German Fringe Parties Vie for Votes
BERLIN (AP) _ One second, punks dance in the streets and guzzle beer. The next, they sit grinning in German luxury cars as men in business suits clean their windshields.
Reality? Nope. Just a TV ad from the Anarchist Slamdancing Party of Germany, one of the many small, mostly unknown groups campaigning for the vote in the Sept. 27 national elections.
More fringe parties than ever before _ 24, up from 14 four years ago _ are competing this year, alongside the eight bigger ones that have seats in national or state parliaments.
Car freaks, animal lovers, feminists, radical environmentalists, communists, evangelical Christians, even vote boycotters, have dedicated political parties in Germany.
One right-wing party _ Citizens Movement Solidarity _ is headed in Germany by Helga Zep-LaRouche, the wife of U.S. right-wing extremist Lyndon LaRouche.
None of these mini-parties have a prayer of getting into parliament. Some of them aren’t even on any of the 16 state ballots because they failed to gather the 2,000 or so signatures needed to qualify.
So why bother?
Money is one reason the number of small parties is increasing.
German law requires state funding for any party that wins at least 0.5 percent of regional voting. That’s well below the 5 percent of the vote required to gain seats in parliament, so even if these small parties lose the election, they could get some cash.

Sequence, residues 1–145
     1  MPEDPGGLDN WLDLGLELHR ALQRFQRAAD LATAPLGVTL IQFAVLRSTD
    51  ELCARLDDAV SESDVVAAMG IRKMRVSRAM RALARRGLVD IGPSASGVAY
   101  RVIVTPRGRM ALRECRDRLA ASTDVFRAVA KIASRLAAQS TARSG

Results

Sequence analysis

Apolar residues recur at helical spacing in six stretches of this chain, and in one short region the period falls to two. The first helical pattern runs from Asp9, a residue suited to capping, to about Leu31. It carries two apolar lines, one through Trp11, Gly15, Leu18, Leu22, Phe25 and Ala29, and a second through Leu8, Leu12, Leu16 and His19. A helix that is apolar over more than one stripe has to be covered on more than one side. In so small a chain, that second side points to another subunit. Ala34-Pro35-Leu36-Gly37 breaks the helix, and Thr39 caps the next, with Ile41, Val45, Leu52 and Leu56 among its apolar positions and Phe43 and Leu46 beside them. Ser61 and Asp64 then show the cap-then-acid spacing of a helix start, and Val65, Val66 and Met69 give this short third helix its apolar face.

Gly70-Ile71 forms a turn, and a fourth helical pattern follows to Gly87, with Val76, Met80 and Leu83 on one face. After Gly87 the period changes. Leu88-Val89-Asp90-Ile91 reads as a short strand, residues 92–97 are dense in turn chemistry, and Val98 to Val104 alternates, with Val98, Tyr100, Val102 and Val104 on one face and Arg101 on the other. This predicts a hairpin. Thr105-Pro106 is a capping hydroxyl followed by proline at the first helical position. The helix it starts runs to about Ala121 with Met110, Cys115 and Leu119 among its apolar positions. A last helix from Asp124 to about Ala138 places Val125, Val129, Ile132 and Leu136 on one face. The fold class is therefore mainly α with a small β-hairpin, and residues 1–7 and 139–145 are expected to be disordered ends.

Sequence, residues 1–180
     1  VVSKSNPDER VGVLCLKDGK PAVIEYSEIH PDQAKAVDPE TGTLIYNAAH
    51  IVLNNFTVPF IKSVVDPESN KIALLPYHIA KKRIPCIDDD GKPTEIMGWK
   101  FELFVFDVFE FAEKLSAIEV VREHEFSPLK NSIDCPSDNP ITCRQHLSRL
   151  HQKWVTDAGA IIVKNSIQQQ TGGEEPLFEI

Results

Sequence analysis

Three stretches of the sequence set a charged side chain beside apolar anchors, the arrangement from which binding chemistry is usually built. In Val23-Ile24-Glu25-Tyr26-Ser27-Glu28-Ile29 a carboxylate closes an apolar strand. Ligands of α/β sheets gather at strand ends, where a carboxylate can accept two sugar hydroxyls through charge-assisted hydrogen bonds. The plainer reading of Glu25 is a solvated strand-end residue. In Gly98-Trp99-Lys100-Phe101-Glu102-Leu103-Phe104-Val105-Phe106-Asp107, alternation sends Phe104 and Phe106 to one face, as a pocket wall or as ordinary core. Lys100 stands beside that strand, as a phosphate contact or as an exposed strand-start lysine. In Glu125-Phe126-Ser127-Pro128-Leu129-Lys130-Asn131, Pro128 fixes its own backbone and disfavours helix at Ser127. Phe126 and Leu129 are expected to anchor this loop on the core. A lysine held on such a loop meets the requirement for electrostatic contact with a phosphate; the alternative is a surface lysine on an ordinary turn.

Some parties are within the realm of the plausible, like the Gray Panthers, a group of disgruntled pensioners, or the ``Pro Deutsche mark″ party that hates the idea of losing the national tender to the European common currency or euro.
Then there’s the fringe of the fringe.
While some parties certainly believe in their mission statements, others _ such as the Anarchist Slamdancing Party _ are running just to shake things up a bit.
``We are for the total re-stupidification of humanity and for the balkanization of Germany,″ party leader Karl Nagel said.
The Hamburg-based party, which claims to represent ``social parasites,″ campaigns on slogans such as ``Free beer for all.″ The anarchists also envision ``zones″ for workaholics, fueled by legalized ``cocaine, speed, and Ecstasy.″
And if they manage to leap the crucial 0.5 percent hurdle, they’re going to throw a big party with the proceeds.
In keeping with their campaign platform, the beer will be free.